Our results reveal the complexity and multidimensionality of the association between the CCG-level colon cancer survival and hospital of cancer care for patients diagnosed with colon cancer during 2006–2013, who were living and receiving care in London, England. Flow maps of patient pathways between the CCG of residence and the hospital of cancer care revealed that patients travelled more frequently to hospitals closest to their area of residence, in particular in the North East, East and South East of London, whereas patients living in the North and South West of London frequently accessed hospitals outside their area of residence. The differential frequencies in patient pathways between area of residence and hospital of care raise questions regarding the equal choice of patients for the best performing hospitals at point of referral. Moderate variation in the 5-year net survival was observed between CCGs after adjusting for age at diagnosis, deprivation and stage at diagnosis. These disparities disappeared once adjusted for hospital of cancer care, while substantial variation between hospitals emerged after adjusting for the same patient-level and tumour-level factors. Overall, we observed a strong correlation between the net survival values estimated in the CCGs and their local hospitals. It is nevertheless crucial for interpretation purposes to highlight the weak correlation between some CCGs and their local hospitals. In particular, some of the hospitals located in CCGs with poorer net survival do not seem to be associated with lower survival. Further examination of the patient flow and the levels of net survival revealed a few points with potentially important policy implications. Bromley, Newham, Tower Hamlets and Waltham Forest combine (1) some of the lowest CCG level 5-year net survival estimates (below 68%) for patients with colon cancer residing in these London CCGs, and (2) some of the highest proportions of patients treated within the CCG (above 70% and even above 90% for Tower Hamlets and Waltham Forest) (figures 3 and 4). Hospital-level outcomes, however, differ notably: survival of patients with colon cancer managed by the local hospitals of Tower Hamlets and Waltham Forest compared well with the London average, whereas local hospitals of Bromley and Newham presented some of the poorest levels of net survival in London (figures 5 and 6). The hospitals of Tower Hamlets and Waltham Forest manage large proportions of patients with colon cancer coming from other CCGs and those ‘external patients’ had differential characteristics from those who are managed in these hospitals and live within these CCGs (‘internal patients’) (table 2). Among the external patients, the proportions of EP were around 29% and 22% in each local hospital, while the figures were 45% and 30% for the internal patients, respectively. These findings suggest that the care provided by these hospitals to elective patients is as expected, but they also raise questions regarding the effective implementation of cancer policies for the populations within these CCGs, given that high EP proportions commonly reflect longer referral times, poor access to specialists, difficulties in accessing diagnostic tests and barriers in communication between primary and secondary care.27 In addition, the deprivation level is high in most of the populations living in these CCGs (ranging between 30% and 85% of the population in the most deprived group), meaning that these patients, on average, have low awareness for cancer symptoms,28 experience barriers to help seeking29 and have more comorbidities, which complicates both the diagnosis30 and the treatment of the cancer. In particular, one may wonder whether the shortness of primary care consultations does not penalise patients embarrassed or who struggle to describe their symptoms and communicate their choices. The implementation of the 2-week referral pathway does not seem very successful in these areas. The situation in Bromley and Newham CCGs strongly contrasts with the previous CCGs as their local hospitals presented some of the poorest levels of net survival in London with high levels of EP (30% and 40%, respectively). This suggests that in addition to the previously mentioned EP challenges that these populations face, the performance of their local hospitals and cancer outcomes are very poor even for elective patients, raising questions regarding the internal organisation and availability of resources these hospitals have for an effective cancer management.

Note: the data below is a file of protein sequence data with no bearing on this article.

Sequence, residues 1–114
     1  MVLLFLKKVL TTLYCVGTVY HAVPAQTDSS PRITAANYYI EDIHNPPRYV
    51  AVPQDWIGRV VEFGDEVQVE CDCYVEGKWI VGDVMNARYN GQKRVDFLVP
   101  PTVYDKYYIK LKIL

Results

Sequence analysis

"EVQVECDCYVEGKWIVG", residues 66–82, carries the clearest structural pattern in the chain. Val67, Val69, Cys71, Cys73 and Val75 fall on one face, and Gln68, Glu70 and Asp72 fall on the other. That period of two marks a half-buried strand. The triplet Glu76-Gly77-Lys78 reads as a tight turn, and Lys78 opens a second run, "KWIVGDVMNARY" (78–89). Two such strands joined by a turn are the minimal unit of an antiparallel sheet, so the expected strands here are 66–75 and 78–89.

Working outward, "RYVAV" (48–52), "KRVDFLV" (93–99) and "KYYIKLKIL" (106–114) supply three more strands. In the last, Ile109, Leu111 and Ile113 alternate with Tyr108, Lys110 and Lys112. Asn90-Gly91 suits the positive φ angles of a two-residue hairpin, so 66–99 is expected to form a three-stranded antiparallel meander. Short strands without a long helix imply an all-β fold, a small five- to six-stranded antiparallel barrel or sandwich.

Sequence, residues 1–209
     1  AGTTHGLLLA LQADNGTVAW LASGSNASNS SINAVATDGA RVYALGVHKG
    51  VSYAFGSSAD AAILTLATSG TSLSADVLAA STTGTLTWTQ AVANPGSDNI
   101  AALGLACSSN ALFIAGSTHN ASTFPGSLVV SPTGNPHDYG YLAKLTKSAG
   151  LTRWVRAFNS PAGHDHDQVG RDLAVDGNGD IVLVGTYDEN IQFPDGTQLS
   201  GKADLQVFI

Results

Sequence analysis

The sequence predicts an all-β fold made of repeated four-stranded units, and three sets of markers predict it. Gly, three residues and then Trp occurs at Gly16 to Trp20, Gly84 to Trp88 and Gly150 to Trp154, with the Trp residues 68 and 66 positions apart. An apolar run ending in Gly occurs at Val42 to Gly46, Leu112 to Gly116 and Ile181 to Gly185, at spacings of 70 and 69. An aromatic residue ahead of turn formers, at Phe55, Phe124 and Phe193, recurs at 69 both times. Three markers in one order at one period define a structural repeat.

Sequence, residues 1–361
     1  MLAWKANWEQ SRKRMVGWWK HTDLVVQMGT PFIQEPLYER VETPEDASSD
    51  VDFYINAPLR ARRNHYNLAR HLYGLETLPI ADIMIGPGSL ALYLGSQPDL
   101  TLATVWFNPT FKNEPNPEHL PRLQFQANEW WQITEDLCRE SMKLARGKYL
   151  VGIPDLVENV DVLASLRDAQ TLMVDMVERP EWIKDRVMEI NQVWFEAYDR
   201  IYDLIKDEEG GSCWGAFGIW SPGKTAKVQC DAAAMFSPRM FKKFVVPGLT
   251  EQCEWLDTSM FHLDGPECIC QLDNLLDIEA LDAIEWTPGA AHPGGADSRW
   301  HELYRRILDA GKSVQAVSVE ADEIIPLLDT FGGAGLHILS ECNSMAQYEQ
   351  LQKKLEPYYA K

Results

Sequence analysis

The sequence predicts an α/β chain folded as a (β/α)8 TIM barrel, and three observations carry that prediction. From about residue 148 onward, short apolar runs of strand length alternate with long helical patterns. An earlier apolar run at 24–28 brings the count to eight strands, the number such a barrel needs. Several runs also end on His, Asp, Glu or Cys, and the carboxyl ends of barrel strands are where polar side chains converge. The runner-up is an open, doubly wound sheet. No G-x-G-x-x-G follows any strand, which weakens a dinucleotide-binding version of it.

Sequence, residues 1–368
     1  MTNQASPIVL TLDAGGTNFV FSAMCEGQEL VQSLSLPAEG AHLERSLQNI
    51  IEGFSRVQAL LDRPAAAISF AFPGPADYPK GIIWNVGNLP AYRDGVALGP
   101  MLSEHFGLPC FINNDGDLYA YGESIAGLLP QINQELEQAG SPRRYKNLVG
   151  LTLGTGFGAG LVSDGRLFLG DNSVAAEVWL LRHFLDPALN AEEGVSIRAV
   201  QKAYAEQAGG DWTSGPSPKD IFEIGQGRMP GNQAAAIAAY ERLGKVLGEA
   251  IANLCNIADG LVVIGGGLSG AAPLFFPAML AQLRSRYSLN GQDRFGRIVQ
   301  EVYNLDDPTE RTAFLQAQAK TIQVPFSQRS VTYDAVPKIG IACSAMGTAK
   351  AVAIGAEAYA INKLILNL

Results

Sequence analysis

To the best of our knowledge, this is the first study to investigate in-depth variation in cancer survival at both area of residence and hospital level. The timing of our findings remains relevant in the light of both the current COVID-19 pandemic and the recent successive regroupings of CCGs. The pandemic has led to the temporary suspension of cancer screening services and deferred routine diagnostic work, only prioritising urgent symptomatic cases for diagnostic intervention. We expect that these diagnostic delays will almost surely continue to exacerbate the disparities we have observed in our study for the foreseeable future. A recent study suggests that as a result of these unprecedented diagnostic delays, substantial increases in the number of avoidable cancer deaths in England are to be expected, and stress the need for urgent policy interventions to mitigate the expected impact of the COVID-19 pandemic on patients with cancer.31 Our results have shown how the access to cancer care can be challenging for populations living in some specific areas and it is crucial to monitor how this will be modified by the reorganisation of London CCGs. A close monitoring is even more necessary as the new CCG grouping seems to strongly reinforce the geographical disparities regarding the sociodemographic and the cancer outcomes (see figures 3 and 4). The large size of the new CCGs poses the question of how geographical inequalities should be monitored and investigated. Furthermore, we advocate caution when interpreting the hospital-specific net survival estimates presented in this study, as these hospitals treat more patients than the selected cohort of patients with cancer here analysed.